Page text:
People make mistakes. Sometimes these mistakes are bad enough to cost us the respect of those around us or even our jobs. If you’ve made a bad professional error or hurt colleagues at work, though, the damage might not be permanent. You can put the past behind you, but you’ll have to work hard to rebuild relationships, become a model worker, and, in some cases, manage your reputation online.
How you're perceived at work is crucial to your success. While you're not always going to please everyone, developing a bad reputation can hold you back from getting the job, pay raise or new project you've been eyeing.
Accurately assessing how others see you can be a challenge. But if you find yourself feeling stuck at work, with no sign of new responsibilities or a future promotion, chances are your reputation might need a makeover.
- Admit your mistake.
If you’ve damaged your reputation – wronging a coworker, angering your boss, or just getting an overall bad name – the place to start is to own up to it. Admit the error of your ways. Take stock of your actions and accept responsibility for them, to yourself and in front of others.
2. Take stock of how people see you
To start, conduct an autopsy on your performance so far. Do you consistently deliver the bare minimum` Do you come across as disengaged with your work` Have you missed key deadlines that led to your manager writing you off`
All of these behaviors can contribute to you earning an "embedded reputation," which according to Suzy Welch defines as "an organizational verdict that you've reached your professional upper limit." "You have to ask trusted colleagues for the cold, hard truth," she explains. "Implore them to be candid. Yes, these conversations might be painful. But you can't fix your reputation problem until you define it."
3.Change your approach
And in order to change how your boss and colleagues view you, Welch says it's essential that you change your approach to work. Once you've identified the source of your reputation ills, your next job is to deliver one positive surprise after another," she says.
Study up on research and industry trends to demonstrate you're capable of more than you've been doing. If you've seemed disengaged, volunteer to work on a high-profile strategic initiative. If you're known for missing deadlines, make every effort to deliver work ahead of schedule.
4. Demonstrate your willingness to learn
"Part of your change initiative might require learning new skills and acquiring credentials," she says. "Enroll in a class, get a certification or maybe even earn a graduate degree."
Regardless of what you decide to do, Welch says now is not the time to be shy. "Let your manager and teammates know you're not done growing," she adds. "Show them how and why you're investing in your future."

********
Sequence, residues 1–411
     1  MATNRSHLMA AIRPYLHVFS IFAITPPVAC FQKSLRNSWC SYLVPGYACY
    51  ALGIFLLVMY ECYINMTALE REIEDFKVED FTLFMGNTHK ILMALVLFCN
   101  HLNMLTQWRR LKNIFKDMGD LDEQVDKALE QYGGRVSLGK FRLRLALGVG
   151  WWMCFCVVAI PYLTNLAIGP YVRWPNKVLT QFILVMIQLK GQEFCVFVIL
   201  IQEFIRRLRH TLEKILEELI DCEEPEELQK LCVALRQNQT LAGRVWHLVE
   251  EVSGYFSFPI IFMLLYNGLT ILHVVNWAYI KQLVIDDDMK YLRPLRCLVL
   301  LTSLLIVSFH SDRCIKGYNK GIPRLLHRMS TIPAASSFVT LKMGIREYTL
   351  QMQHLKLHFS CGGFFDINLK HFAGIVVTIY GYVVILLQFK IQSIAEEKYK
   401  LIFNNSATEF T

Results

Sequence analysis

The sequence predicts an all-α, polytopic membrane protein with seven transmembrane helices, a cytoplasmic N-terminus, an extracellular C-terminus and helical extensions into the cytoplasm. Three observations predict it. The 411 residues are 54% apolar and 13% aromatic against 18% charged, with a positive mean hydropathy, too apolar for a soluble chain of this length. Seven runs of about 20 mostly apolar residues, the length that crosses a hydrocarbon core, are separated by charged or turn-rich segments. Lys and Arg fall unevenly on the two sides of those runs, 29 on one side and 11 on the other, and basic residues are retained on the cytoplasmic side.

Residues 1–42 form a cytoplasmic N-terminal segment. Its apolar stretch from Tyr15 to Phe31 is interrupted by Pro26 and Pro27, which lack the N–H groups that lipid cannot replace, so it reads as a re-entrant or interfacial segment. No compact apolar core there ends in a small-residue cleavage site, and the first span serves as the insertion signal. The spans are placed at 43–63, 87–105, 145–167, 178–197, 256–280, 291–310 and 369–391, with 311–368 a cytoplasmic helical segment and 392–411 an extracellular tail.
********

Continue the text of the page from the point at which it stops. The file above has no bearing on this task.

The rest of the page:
5. Commit to reform.
Besides an apology, write out a plan for how you’ll change and ensure your mistake doesn’t happen again. This can be for you alone or, if you’re lucky to keep your job, to share with the powers that be in the organization.
Outline what you did wrong and how you will avoid it. For example, “I made the mistake of getting too involved in workplace gossip and ended up saying harmful things about my coworkers. From now on, I plan to keep my head down, mind my own business, and avoid office politics.”
Don’t forget to “walk the walk” and follow your plan. You might arrange regular check-ins with your boss, for instance, to discuss your behavior. This will highlight your progress as well as show that you are willing and able to reform.
6. Keep your attitude in check.
Repairing your reputation is going to be a humbling experience. You might feel angry or resentful. You might get annoyed, frustrated, or upset. Keep these emotions under control – you’ve had a bad attitude in the past and need others to see that you’re trying to change.
Try to stay calm, collected, and positive.
Be aware of the attitudes or emotions that added to your bad behavior in the past. Try to avoid them or situations that bring them out. If your problem is gossip, avoid the office gossipers as best you can.
Stop and ask yourself throughout the day, “How’s my attitude` Am I positive` Am I productive`” Catch any problems early and try to readjust your mindset.
7. Get to work early.
Apart from apologies and repairing relationships, set yourself up as a model employee to help you rebuild your work reputation. Be a go-getter. Arrive early and ready to impress. People will eventually start to notice.
Getting to work early will make a good impression on your boss and perhaps your coworkers. Often, people aren’t around to see who leaves the office last. But they will notice your presence in the morning.
Being early also means you don’t have to rush around. Use the quiet time to your advantage and plan out your day.
It doesn’t hurt to take a short walk around the office first thing in the morning. People will see you and take note.